Academic Boycott: Unjust, Simple-Minded, Unhelpful

The academic boycott campaign is a campaign to exclude Israelis from the intellectual and cultural life of humanity.  It is an effort to proscribe Israelis, and only Israelis, from the global academic community. It is also an initiative to proscribe all who have interchange with Israelis or cooperate with their institutions or lead students in study abroad in Israel from doing our work.

The academic boycott campaign seeks first to discriminate on the basis of nationality.  Are you an Israeli citizen working for an Israeli academic institution? Boycotters claim Israel, the Jewish state, is abnormally evil, a fulcrum of global imperialism, a colonial state, a uniquely racist state.  In this logic, the nation must be proscribed –and Israelis working in complicit institutions must suffer intellectual and cultural boycott too. Such human beings must be barred from the free and open international exchange of intellectual ideas.  Moreover, those who want to know as much as possible about Israel/Palestine, are also to be barred from cooperation with such people and institutions.

As Howard Jacobson has stated, the boycotters clap their hands over their ears and say Israelis should not be listened to – they will not have a hearing where these people can shout loud, or close down professional associations with boycott motions, or remonstrate with signs and slogans on North American campuses.  Moreover,  boycotters say, insultingly, intellectual life in our country and our universities will not suffer by the absence of voices and perspectives from Israel.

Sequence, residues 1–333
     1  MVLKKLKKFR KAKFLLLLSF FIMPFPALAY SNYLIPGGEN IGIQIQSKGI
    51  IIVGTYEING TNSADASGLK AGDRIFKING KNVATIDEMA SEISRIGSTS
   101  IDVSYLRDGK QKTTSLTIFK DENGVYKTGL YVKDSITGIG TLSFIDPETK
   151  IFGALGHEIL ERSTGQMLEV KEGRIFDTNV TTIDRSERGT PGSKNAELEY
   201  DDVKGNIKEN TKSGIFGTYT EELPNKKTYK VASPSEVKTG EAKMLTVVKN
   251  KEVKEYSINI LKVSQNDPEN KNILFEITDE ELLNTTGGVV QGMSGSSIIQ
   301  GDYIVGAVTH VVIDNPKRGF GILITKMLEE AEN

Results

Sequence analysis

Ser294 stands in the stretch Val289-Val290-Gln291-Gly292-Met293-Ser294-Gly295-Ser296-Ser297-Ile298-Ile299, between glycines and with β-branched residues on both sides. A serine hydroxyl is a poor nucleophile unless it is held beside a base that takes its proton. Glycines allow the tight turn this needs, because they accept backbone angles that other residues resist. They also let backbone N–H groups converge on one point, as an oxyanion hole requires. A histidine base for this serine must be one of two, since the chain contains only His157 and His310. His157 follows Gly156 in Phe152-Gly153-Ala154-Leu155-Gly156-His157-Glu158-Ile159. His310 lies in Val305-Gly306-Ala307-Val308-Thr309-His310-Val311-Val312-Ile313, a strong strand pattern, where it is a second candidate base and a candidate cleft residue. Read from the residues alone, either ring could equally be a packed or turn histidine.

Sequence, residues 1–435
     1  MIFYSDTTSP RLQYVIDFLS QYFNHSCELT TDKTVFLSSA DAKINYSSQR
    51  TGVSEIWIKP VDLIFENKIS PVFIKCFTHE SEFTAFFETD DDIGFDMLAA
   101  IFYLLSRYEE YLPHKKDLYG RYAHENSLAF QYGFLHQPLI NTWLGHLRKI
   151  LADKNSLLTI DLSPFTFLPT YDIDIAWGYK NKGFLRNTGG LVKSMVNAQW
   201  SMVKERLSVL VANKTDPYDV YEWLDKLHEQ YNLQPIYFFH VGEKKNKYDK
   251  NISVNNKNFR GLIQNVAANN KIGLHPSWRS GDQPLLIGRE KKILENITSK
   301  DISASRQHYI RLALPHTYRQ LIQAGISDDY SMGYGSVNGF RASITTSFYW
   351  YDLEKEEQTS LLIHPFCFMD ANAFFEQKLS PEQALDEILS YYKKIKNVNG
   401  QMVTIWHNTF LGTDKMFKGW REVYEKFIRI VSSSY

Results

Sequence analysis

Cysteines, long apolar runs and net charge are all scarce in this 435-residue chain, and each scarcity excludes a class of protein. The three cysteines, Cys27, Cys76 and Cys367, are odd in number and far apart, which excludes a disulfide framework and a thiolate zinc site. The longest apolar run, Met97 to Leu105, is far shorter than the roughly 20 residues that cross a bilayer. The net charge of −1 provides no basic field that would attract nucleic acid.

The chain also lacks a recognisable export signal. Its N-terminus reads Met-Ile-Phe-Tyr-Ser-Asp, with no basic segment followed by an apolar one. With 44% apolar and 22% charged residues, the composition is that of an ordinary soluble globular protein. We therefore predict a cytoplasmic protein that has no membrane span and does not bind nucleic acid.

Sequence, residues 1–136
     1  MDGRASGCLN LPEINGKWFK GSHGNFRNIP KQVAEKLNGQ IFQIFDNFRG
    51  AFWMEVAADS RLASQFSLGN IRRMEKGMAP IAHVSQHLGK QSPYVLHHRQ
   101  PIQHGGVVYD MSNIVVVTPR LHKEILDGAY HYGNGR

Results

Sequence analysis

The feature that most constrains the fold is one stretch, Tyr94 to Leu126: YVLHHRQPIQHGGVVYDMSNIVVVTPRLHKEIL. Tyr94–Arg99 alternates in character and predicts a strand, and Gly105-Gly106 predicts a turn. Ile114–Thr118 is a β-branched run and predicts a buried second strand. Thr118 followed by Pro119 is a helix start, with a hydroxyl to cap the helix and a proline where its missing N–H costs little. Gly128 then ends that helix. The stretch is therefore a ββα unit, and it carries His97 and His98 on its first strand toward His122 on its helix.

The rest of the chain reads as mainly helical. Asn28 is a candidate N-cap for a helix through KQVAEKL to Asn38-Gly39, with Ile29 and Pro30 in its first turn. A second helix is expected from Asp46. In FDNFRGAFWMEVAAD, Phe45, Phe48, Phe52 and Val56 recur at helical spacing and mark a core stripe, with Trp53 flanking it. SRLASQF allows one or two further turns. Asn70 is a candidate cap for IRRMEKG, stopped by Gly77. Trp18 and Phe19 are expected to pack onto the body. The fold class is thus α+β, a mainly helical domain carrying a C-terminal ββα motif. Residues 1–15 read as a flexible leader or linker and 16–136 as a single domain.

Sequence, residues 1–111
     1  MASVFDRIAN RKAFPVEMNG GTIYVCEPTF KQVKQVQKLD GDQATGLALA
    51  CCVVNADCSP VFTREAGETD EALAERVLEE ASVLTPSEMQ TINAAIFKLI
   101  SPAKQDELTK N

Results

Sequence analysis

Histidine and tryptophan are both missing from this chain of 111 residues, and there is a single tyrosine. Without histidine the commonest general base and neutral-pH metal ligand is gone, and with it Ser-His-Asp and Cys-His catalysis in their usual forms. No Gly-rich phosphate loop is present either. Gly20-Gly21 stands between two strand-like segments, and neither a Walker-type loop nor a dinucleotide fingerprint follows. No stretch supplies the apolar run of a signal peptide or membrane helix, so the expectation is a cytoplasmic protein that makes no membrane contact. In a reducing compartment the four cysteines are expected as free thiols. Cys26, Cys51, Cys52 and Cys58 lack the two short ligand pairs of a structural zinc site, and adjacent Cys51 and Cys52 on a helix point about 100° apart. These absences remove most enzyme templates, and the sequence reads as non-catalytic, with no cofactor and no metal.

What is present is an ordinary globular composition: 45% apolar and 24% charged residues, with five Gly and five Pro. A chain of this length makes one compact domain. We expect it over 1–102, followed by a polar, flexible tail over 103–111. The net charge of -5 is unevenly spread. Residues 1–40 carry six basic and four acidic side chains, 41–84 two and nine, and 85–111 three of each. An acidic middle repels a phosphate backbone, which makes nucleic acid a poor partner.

Most in the Boycott movement believe Israel was born in original sin.  For such folks, Israel  is not  another post-WWII state carved out of the complicated politics of post-imperial withdrawal and ethnic partition – like Cyprus, or India/Pakistan; the Israeli Palestinian conflict is unique and unlike other conflicts.  Boycott proponents present a mystified narrative in  which Israel is the colonial power rather than Great Britain, and the Israeli  state  is created as an alien Western imperial implant in Arab land.  Such mystification omits entirely that Jews were early inhabitants of the area, that Israelis were minority figures of oppression from wherever they came, mostly refugees from Empires, and that Israel came to be in the end,  in what was a colonial revolt against the last stages of the British mandate and a defensive war after statehood between competing nationalisms and surrounding nations.  Israel is the source of all evil; the Palestinians can do no wrong.  Complexity,  the multi-varied nature of Zionism, the side-by-sidedness of two conflicting national narratives and competing national aspirations is simply denied; a single narrative is offered instead, labels and overstated claims describe Israel, and one set of national aspirations is embraced and the other set is erased.